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Viewpoints | November 03, 2021

Tenant Advancement Through Credit Building

photo of Alexis Sofyanos
Article By
Alexis Sofyanos, Senior Director, Equity in Multifamily Housing

Earlier this year, Freddie Mac Multifamily laid out its top three equity initiative priorities, and they include: affordability advancement, borrower advancement and tenant advancement. These are big goals, and I’m proud of what we’ve accomplished so far as we identify ways to build a more equitable multifamily industry.

Today we are taking another step forward in announcing our first major tenant advancement initiative — credit building through rent reporting.

Closing the Gap

There are more than 44 million renter households in the U.S., and rent payments are often families’ single largest monthly expense. While mortgage payments are reported to credit bureaus, fewer than 10% of on-time rent payments are reported. This is a major reason why renters have credit scores that are substantially lower than homeowners, and it can put them at a disadvantage when they seek financing for a car, a home or an education. Higher credit scores could enable renters to obtain lower interest rates, spend less per month on debt, pay off loans faster and avoid predatory lending, which can lead to unbreakable debt cycles.

To help renters close this credit score gap, we are thrilled to be working with Esusu Financial Inc., whose rent-reporting platform helps renters build credit by reporting on-time rent payments to the three credit bureaus. We went through an iterative process, examining dozens of credit-reporting platforms. Esusu stood alone in meeting our high standards.

It’s a great company too: Esusu is passionate about equitable access to financing and overall tenant advancement. Their company motto is: “No matter where you come from, the color of your skin, or your financial identity, it shouldn’t determine where you end up in life.” By participating in Esusu’s rent-reporting platform, renters who don’t have credit scores can establish them and renters who do have credit scores can improve them. Esusu only reports on-time rents to the credit bureaus. Late or missed payments are never reported to the credit bureaus, protecting the most vulnerable of renters.

Throughout the past year we have tested this initiative with many of our sponsors. We’ve onboarded over seven sponsors, 30 properties and over 11,000 units to Esusu’s platform, with Small Balance Loan, Targeted Affordable Housing and Conventional participants. The results speak for themselves: Collectively, we have created credit scores for nearly 2,000 individuals who were previously credit invisible and have helped renters at those properties improve their credit scores by an average of 26 points.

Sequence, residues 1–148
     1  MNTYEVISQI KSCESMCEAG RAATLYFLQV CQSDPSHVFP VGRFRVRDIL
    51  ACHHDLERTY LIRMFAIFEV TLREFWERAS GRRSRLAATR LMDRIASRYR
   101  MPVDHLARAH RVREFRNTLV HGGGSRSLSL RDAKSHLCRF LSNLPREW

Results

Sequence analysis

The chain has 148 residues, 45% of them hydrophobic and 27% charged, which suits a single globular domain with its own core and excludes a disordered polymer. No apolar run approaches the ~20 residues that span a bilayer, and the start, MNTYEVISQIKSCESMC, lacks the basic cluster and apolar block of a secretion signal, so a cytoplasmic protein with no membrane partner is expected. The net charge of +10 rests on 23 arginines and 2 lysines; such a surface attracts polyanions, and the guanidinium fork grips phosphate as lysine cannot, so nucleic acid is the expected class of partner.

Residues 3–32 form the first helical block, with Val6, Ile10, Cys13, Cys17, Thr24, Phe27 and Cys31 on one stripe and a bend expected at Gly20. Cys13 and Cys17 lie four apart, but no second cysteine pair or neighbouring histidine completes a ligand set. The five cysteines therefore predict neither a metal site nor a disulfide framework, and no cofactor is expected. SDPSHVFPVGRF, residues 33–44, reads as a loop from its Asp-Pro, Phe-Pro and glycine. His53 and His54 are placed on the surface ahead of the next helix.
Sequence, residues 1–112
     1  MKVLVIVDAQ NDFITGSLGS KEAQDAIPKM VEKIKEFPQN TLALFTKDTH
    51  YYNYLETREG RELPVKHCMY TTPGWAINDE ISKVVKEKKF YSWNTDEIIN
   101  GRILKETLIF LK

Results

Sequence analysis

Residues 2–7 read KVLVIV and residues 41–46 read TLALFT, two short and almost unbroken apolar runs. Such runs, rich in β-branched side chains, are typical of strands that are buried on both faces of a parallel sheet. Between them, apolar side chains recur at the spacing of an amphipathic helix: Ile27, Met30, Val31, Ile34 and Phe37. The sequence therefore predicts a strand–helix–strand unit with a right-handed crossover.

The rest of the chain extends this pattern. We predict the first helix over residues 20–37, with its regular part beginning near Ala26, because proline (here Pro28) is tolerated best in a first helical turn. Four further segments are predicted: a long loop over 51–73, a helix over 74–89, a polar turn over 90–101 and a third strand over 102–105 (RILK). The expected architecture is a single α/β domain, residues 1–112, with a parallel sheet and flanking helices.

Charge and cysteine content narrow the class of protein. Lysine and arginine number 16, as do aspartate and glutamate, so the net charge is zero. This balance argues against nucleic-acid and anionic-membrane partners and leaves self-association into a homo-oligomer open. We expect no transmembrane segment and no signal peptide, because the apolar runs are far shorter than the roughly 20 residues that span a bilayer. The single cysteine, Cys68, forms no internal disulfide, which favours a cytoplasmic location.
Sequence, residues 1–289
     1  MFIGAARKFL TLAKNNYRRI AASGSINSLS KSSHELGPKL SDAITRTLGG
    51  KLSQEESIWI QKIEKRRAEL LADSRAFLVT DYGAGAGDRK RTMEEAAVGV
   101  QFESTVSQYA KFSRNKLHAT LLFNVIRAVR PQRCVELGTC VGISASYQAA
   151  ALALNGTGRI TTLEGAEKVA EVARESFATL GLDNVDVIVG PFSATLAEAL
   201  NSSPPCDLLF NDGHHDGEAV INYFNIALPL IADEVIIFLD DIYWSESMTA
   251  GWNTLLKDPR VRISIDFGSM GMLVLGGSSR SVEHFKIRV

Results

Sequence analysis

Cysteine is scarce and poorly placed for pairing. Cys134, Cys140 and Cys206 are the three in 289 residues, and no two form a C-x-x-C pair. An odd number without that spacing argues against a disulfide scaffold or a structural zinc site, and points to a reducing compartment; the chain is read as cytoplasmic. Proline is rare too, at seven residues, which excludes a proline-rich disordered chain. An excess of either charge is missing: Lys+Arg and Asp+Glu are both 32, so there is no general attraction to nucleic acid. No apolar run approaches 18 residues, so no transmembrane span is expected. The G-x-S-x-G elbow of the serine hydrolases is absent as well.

We are only getting started. We’ve already seen the early ripple effects of this initiative, and we look forward to more sponsors and Optigo® lenders joining us to make rent reporting common within our industry. We are thrilled to be offering closing cost credits and discounted pricing to those who agree to implement our credit reporting initiative. For more information, check our term sheethere.

The Bigger Picture

We are immensely excited about this work, but acknowledge that credit building through rent reporting is not a silver bullet. To create equitable access to credit, resources like rent reporting must be paired with the education and awareness of what stronger credit means. Research shows that more than half of homeowners and renters are not aware that being behind on their housing payment can damage their credit rating, while nearly 60% do not realize it can impact their ability to get a loan in the future. That is why we are working hard to pair credit building through rent reporting with our CreditSmart platform. This robust and free financial curriculum educates consumers about the importance of building, maintaining and using credit so they can take control of their financial futures.

I like to think of rent-reporting programs like Esusu’s as playing offense and CreditSmart as playing defense — both are needed for renters to win. I know I am not the only one who feels deeply about the responsibility of this work, and I’m honored to work alongside so many others who are ready to tackle the challenge of evolving our industry. Together, we’ll make equity in multifamily housing a reality.

We invite you to join us in this effort!

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